Fiat eyes Renault in €32bn mega deal

US-Italian car maker Fiat Chrysler has made an all-share merger proposal to French rival Renault as part of a new wave of consolidation in the car industry.

Fiat eyes Renault in €32bn mega deal

US-Italian car maker Fiat Chrysler has made an all-share merger proposal to French rival Renault as part of a new wave of consolidation in the car industry.

Together they would have a combined market capitalisation of more than €32bn and total global sales of 8.7 million vehicles. By comparison, the Volkswagen Group delivered 10.9 million vehicles in 2018.

Including Nissan, which has an existing partnership with Renault, the alliance could become the world’s No 1 car maker with 13.8 million in annual sales.

It would also maintain a foothold in China, where both Fiat Chrysler and Renault are marginal players.

If it goes ahead, the €31bn-plus tie-up would alter the landscape for rivals including General Motors and Peugeot maker PSA, which recently held inconclusive talks with Fiat Chrysler, and could spur more deals.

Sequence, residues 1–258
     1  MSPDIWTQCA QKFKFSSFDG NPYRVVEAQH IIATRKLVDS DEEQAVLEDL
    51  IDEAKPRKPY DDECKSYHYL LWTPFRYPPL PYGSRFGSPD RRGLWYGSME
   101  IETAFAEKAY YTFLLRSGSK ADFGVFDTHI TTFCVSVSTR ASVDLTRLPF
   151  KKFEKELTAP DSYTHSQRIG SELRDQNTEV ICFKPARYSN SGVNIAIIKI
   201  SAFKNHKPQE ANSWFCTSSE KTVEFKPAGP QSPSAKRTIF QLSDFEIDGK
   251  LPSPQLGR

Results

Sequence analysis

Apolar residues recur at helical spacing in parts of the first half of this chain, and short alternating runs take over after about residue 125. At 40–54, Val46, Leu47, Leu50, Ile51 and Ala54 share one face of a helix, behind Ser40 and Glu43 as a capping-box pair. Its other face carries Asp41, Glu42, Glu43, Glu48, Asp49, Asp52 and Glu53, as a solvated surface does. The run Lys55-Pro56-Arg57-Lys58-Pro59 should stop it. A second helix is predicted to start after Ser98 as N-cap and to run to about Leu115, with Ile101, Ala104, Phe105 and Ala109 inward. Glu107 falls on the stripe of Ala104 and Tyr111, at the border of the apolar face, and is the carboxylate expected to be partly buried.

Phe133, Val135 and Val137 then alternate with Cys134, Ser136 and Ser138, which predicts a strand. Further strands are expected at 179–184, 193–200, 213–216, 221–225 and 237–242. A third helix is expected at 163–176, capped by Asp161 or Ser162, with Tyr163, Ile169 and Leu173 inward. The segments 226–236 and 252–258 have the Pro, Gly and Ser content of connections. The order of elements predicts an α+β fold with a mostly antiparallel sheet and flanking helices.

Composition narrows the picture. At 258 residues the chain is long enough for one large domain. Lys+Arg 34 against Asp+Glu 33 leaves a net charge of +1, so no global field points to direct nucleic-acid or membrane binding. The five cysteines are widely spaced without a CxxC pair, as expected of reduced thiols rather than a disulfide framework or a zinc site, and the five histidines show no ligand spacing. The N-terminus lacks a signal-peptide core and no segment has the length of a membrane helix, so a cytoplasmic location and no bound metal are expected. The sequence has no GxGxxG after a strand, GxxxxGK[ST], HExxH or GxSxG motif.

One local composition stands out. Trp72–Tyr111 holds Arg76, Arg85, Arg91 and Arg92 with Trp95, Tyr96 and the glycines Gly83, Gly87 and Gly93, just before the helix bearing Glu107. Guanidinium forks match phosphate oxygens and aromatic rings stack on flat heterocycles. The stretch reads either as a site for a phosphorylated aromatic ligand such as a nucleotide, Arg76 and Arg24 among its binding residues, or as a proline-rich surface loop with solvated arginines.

Renault said it was studying the proposal from Fiat Chrysler with interest, and considered it friendly.

Shares in both companies jumped more than 10% as investors welcomed the prospect of an enlarged business aiming for €5bn in annual savings.

A deal would be the fourth time in 20 years that the former Chrysler of Detroit would have transferred to new owners.

In 1987, Chrysler, under Lee Iacocca, agreed to buy Renault’s 46% stake in Jeep parent AMC, and later acquires all of AMC and begins expanding the Jeep brand.

Over a decade later, German car maker Daimler and Chrysler announced a “merger of equals,” which soon becomes a Daimler takeover.

The blockbuster deal soured quickly as the US car market slowed.

In 2004, Sergio Marchionne took over as chief executive of Fiat.

Daimler then agreed to sell 80% of Chrysler to Cerberus, the US vulture fund, but in 2009 Chrysler entered bankruptcy restructuring in the US, and Fiat took control of the company, which was renamed Fiat Chrysler Automobiles, or FCA.

In 2015, the French state increased its Renault stake to 19.7%, in a deal designed to block efforts by Nissan to increase its influence over Renault.

The deal was orchestrated by economy minister - and now French president - Emmanuel Macron.

In September 2015, Mr Marchionne emailed General Motors asking to explore a combination of the two car makers and is rebuffed.

Last year, Fiat Chrysler revealed Mr Marchionne died from complications in the wake of surgery.

In January, Renault said Carlos Ghosn has resigned as chairman and CEO while he faces a financial misconduct probe.

And in March, new Fiat boss Mike Manley said Fiat Chrysler is open to pursuing merger opportunities.

Reuters

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